But is a legal trade in conservation ivory realistic? Criminal groups and corrupt government officials lured by profits from a limited commodity would surely perpetuate a black market and undermine efforts to police a legal trade in conservation ivory. Bribery and corruption infiltrates the entire supply chain.

Systems would need to be in place to stamp out corruption, and to make sure that local people, rangers and conservation groups benefit from any legal trade. Consumer country governments would need to enforce inspections and prosecutions for processing ivory without non-poached certification.

Then there is the problem of supply. Tusks are a finite natural ‘resource’. The elephant has a gestation period of 22 months, so meeting demand with supply through natural, as well as authorised, elephant deaths is highly improbable. If there was a legal ivory trade, how would a rein be kept on demand so that it could be met by conservation ivory stocks? Would poachers and fraudsters just get smarter, especially with terrorist groups involved? And if the retail price remains sky high, government stocks would need to be guarded like diamonds.

Ge Gabriel doesn’t believe elephant populations can support a legal trade in ivory. Rather, education is needed to reduce demand, and IFAW campaigns are helping to raise awareness of the elephant crisis. New surveys earlier in the year show that wildlife organisation campaigns are slowly working, and attitudes are changing.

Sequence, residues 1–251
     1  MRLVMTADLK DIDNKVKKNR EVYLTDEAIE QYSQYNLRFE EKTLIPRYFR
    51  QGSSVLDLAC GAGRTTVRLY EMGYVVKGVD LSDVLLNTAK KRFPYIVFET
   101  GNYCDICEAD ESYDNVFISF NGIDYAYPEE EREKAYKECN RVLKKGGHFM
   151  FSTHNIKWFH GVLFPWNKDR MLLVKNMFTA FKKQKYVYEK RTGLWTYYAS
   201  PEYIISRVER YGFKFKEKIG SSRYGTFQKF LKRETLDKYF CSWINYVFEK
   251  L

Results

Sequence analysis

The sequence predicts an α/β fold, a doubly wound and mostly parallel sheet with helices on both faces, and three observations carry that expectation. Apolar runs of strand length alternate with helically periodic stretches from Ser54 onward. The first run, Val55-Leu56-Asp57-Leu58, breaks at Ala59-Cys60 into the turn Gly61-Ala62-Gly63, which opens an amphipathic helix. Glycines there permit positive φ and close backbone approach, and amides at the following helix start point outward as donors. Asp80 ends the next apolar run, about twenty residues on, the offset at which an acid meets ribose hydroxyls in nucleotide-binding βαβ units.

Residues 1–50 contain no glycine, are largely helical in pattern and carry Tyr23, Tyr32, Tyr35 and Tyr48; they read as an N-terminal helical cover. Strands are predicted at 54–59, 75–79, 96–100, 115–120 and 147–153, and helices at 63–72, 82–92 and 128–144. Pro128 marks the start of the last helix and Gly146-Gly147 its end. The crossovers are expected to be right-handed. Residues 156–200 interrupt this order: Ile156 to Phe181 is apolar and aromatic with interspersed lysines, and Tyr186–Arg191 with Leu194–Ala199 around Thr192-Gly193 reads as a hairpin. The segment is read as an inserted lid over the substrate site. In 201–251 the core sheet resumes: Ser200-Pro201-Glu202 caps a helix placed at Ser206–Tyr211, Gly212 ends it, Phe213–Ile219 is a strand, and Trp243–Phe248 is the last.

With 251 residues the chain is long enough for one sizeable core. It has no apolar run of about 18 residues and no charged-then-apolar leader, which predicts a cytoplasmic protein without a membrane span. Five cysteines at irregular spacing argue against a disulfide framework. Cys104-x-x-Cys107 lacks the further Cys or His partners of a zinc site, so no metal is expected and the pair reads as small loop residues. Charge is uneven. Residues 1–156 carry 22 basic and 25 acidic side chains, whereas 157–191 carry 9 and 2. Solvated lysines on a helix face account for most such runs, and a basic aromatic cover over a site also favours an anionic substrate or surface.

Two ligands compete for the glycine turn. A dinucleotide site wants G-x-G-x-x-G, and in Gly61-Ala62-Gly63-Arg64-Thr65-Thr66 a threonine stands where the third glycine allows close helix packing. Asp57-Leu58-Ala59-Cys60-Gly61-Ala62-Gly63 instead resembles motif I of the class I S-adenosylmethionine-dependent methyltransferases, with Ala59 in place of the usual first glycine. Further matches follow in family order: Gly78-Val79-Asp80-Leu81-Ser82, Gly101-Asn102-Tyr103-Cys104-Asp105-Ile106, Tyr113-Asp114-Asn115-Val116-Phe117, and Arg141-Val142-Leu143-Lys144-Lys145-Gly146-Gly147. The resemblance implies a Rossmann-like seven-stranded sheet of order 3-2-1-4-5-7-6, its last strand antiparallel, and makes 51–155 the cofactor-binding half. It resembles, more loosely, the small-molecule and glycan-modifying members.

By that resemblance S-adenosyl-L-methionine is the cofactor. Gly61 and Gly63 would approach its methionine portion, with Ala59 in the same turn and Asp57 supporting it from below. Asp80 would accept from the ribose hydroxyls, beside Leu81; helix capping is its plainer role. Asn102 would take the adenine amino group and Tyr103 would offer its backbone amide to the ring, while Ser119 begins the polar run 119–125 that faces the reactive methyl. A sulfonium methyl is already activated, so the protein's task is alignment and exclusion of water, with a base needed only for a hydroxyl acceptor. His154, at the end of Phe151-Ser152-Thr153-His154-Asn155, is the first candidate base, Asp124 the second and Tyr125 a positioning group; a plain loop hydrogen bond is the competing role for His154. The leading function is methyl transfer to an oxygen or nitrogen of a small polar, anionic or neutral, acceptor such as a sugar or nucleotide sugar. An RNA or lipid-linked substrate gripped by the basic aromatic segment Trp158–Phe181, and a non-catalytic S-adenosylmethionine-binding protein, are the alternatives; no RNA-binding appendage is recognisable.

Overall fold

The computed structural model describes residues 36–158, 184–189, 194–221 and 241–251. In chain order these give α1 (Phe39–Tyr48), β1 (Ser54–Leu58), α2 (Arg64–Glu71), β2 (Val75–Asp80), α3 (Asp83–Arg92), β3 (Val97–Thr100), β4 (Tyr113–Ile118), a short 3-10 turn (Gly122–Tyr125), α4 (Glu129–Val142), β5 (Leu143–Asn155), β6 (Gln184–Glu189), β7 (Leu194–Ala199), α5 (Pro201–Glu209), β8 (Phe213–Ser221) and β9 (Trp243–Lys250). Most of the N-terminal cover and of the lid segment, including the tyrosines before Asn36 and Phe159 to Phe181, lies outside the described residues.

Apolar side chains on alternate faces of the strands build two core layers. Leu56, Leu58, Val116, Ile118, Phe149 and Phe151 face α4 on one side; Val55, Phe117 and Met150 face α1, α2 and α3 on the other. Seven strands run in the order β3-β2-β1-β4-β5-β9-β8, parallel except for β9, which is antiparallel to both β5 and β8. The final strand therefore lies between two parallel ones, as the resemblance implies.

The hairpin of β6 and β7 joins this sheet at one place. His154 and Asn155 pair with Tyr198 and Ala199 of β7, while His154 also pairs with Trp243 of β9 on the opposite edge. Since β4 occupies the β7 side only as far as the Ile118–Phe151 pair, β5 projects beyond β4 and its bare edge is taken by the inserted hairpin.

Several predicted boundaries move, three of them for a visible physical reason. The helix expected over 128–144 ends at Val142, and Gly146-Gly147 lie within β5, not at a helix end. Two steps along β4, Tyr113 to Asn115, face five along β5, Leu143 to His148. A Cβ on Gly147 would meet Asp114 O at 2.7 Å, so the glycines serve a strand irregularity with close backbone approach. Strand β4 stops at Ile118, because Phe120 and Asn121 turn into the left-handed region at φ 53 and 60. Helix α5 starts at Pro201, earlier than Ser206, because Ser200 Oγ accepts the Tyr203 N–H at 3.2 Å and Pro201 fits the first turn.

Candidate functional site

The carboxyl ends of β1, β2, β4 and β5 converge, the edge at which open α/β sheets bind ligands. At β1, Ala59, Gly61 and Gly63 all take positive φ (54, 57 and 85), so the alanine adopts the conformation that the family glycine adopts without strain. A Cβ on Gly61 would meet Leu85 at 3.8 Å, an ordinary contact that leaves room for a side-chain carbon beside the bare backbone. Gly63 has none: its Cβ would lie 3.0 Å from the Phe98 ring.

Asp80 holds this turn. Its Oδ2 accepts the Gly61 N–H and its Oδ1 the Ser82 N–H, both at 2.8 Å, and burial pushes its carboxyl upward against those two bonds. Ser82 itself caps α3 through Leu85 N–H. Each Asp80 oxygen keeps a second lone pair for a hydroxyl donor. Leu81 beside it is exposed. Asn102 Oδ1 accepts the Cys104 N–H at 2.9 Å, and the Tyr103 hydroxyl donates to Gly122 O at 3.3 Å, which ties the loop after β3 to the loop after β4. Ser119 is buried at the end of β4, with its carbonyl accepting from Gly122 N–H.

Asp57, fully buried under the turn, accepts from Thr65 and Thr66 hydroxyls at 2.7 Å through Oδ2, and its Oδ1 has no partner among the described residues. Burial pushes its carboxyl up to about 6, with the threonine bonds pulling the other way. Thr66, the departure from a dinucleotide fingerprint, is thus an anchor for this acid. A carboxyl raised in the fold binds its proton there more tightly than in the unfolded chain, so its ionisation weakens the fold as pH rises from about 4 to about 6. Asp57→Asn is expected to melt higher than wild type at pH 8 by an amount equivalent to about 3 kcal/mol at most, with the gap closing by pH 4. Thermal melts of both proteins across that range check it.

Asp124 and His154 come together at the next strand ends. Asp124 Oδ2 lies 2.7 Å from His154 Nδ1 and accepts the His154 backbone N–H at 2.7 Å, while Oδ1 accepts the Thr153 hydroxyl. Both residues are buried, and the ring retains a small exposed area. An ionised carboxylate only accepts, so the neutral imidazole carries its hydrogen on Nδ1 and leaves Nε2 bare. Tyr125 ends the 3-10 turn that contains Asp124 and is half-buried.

The Chinese government is moving in the right direction too. In May, the government crushed over 650 kilograms of illegal ivory, and a one year suspension of import permits for African ivory carvings has been in place since February. IFAW is training officials at China’s border with Vietnam to improve detection of wildlife crime, and Ge Gabriel is encouraged that China’s Customs Agency has increased inspections and identified smuggling routes. The government has also featured celebrities, such as film star Jackie Chan, and basketball hero Yao Ming, in commercials that expose the illegal ivory trade.

As wildlife trafficking escalates, global co-operation, conservation funding, and ivory trade restrictions need to pick up pace if elephants are to be roaming African forests and savannahs in 20 years’ time.

A worldwide ban on all ivory trade would be the ultimate weapon in the war against poaching. Stockpiles, both government and private, would need to be destroyed and the financial loss absorbed. But losing wild African elephants forever is a much higher price to pay. What are governments waiting for?

Also posted on The News Hub Aug 7, 2015

Image credit: Elephants by William Warby on Flickr (CC BY 2.0)
Ivory elephants by Dan Kitwood on Getty Images
Chinese official guards ivory before public crushing by Fred Dufour on Getty Images


© All posts are protected by copyright with all rights reserved. You are very welcome to link to an article, but if you would like to re-publish my work, commercially or non-commercially, please contact me. Thank you.

About Tracy Brighten

With her passion for nature, health, education, and sustainability, Tracy writes creative content that connects with readers. She helps tell people's stories, build brands, and grow businesses. Thrives on words, birds and enthusiasm. For hire at www.tracybrightenwriter.com.

Leave a Reply

Your email address will not be published. Required fields are marked *